After some research (not much actually) I came to conclusion that no one provides such an end-to-end solution like Microsoft's Windows Live Family Safety.

What is it?

Basically it's a small app you install on XP or Vista PC and a web application to control it. You can limit what sites your child can visit, approve/filter her Live Mail/Hotmail contacts, Live Messenger Contacts, etc.

fss_settings

It also integrates to some extent with Windows Live Spaces so your child can blog, share photos with friends, etc.

How does it work?

You need to have LiveIDs (Microsoft's accounts) for all the parents and children and add them in appropriate roles.

Then you set up what your child sees by default. In my case recommended settings (for children 0 to 10) were to block all the sites except kids friendly sites and those explicitly allowed by parents. Now when Daniela wants to visit a site that is neither known to be kids friendly nor in her allowed list she is presented with a page informing here about that and 2 options to ask parents permission. She can ask by filling a request and then you can approve or reject it in web interface or, in case you are at home, she can just call you and ask to approve the site simply by logging in with your LiveID and clicking "Approve". You can also monitor what your child browsed and what attempted to browse but was blocked.

I haven't played with contacts management yet but I assume it's done in similar manner.

What I like so far

  • the system is easy to use and well integrated;
  • all the main bases are covered: surfing, email, IM, social networking;
  • I didn't meet any major resistance from my child (unlike expected) :)

What I didn't like so far

  • there's no Russian or Lithuanian GUI (and probably not many other languages are covered, if any). It's not a major problem since there aren't many things for the child to read and it could be even good for learning English, but anyway I think the fact is worth mentioning. And, btw, when you go to download Windows Live apps it tries to play smart and detects your browser's desired language and shows you Live apps in that language only. And Family Safety is not included in the package if it's not in English. So make sure you download the English version;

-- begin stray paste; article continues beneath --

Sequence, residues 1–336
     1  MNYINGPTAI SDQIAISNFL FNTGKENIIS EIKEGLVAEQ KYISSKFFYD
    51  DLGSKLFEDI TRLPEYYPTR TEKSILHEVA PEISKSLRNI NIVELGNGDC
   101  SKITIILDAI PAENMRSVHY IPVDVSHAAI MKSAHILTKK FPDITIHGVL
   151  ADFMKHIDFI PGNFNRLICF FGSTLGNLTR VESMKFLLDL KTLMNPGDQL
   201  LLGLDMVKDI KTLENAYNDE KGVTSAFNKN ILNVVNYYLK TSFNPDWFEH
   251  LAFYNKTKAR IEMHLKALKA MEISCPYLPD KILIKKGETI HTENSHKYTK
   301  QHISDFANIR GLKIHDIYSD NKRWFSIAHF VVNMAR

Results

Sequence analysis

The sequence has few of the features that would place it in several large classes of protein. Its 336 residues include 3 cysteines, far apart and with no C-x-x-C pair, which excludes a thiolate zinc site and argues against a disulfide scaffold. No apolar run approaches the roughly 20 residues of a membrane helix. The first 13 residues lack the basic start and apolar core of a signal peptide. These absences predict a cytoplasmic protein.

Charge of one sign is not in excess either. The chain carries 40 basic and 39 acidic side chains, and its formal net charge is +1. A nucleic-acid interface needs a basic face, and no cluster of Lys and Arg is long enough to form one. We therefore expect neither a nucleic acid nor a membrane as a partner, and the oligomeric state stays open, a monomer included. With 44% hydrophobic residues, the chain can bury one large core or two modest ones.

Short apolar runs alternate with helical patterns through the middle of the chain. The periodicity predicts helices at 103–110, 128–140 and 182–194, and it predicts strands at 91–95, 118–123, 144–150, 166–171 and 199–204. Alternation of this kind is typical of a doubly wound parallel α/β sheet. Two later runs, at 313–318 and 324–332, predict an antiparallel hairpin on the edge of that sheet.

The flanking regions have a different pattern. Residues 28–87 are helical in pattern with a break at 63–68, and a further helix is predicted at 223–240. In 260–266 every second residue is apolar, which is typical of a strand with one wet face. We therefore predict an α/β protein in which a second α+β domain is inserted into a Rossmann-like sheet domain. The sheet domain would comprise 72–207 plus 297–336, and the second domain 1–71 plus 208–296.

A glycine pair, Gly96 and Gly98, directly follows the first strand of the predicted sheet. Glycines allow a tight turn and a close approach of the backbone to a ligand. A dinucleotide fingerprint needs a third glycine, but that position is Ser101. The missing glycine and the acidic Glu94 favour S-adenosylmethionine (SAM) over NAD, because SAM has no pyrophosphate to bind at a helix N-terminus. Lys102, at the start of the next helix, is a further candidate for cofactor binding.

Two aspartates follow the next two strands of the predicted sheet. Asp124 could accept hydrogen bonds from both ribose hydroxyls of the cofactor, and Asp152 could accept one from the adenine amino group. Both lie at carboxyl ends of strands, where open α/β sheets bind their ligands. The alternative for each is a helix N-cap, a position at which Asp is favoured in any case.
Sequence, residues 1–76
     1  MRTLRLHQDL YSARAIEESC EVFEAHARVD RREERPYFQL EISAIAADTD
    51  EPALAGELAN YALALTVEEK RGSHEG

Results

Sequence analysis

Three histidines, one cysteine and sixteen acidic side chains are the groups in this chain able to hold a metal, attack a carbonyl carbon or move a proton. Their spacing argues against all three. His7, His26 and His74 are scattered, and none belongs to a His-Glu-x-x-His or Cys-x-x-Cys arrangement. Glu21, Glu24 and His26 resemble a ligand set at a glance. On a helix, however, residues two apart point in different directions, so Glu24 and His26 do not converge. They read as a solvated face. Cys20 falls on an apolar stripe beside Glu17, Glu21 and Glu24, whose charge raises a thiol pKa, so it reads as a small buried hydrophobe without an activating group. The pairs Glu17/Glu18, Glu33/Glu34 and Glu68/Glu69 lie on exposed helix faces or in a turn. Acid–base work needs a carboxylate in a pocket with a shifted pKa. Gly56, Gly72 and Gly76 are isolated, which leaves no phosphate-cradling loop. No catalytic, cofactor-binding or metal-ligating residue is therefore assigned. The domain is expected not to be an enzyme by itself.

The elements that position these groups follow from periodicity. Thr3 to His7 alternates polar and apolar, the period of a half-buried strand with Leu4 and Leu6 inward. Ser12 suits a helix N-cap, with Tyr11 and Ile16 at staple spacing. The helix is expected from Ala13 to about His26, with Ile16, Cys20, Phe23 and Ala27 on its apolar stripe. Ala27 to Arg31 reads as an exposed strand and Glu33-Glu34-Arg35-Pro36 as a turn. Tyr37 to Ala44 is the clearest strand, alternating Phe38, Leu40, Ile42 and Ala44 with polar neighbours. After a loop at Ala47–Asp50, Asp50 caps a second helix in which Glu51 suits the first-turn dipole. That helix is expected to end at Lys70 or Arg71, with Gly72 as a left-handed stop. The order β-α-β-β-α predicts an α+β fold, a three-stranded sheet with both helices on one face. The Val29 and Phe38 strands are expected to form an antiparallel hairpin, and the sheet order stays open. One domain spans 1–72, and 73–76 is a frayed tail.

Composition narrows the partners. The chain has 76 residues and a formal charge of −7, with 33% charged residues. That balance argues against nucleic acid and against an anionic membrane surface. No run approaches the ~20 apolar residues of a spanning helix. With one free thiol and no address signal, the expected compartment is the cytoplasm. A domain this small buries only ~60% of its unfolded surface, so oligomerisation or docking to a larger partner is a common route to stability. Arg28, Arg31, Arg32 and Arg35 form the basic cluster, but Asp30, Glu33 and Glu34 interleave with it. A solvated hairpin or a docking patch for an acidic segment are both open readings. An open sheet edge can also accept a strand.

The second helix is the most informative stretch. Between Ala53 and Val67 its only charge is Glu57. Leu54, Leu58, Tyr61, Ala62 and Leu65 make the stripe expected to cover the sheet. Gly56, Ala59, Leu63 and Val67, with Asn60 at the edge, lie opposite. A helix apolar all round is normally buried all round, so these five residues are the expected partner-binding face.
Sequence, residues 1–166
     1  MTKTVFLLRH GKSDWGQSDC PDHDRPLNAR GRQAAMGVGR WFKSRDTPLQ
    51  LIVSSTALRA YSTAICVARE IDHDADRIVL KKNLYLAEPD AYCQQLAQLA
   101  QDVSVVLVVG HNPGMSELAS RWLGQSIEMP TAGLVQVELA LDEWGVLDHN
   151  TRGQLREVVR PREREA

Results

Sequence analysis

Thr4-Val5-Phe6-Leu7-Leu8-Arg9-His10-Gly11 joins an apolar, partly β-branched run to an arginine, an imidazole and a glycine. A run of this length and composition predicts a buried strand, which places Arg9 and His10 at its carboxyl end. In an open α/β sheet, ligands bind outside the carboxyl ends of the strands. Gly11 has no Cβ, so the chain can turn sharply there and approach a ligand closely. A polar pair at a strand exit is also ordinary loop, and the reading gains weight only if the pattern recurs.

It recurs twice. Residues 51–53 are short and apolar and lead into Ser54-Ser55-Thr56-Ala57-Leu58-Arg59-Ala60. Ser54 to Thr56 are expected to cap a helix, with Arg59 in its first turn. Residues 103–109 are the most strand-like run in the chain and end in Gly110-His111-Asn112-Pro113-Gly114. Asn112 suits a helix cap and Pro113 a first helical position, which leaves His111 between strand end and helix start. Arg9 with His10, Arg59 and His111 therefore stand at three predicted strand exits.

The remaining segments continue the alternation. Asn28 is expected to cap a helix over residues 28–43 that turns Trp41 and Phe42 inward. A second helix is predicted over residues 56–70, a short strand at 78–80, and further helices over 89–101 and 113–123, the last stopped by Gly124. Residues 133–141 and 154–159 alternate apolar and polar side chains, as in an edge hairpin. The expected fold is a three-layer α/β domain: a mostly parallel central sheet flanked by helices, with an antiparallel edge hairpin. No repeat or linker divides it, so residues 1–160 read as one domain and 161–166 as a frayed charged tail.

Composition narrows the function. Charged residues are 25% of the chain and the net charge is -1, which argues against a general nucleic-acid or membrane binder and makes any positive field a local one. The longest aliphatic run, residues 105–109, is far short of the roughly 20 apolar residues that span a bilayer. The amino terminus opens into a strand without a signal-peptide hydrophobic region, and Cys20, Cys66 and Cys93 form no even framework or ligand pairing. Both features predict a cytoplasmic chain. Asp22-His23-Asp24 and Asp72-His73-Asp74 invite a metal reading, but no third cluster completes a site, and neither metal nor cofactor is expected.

• all of the features are obviously tied in Microsoft's Live services. This is not unexpected but I wish there was some open standard (or is there?) to connect such filters and web services. Anyway now my child is stuck with Windows Live Messenger and I'll have to use it too (well, I'll still use Miranda, but with one more protocol). Good move, Microsoft :)
  • while FS blocks general search engines there's no kids friendly search engine by Microsoft (or I couldn't find it). There's no such thing by Google, too. Yahoo has kids.yahoo.com so this is what we'll use for now.
  • I'm not sure if this is related to FS or this is just a Spaces feature, but you can't make your child's blog public at all. I understand that this is related to child's inability to understand everything about privacy issues and stuff but I think an option for pre-moderated public blog would be really nice to have. Cause now even I can't subscribe to my daughter's RSS feed.

Though the cons section looks much bigger than pros, but in reality I'm really satisfied with the solution so far and we'll see how it rolls.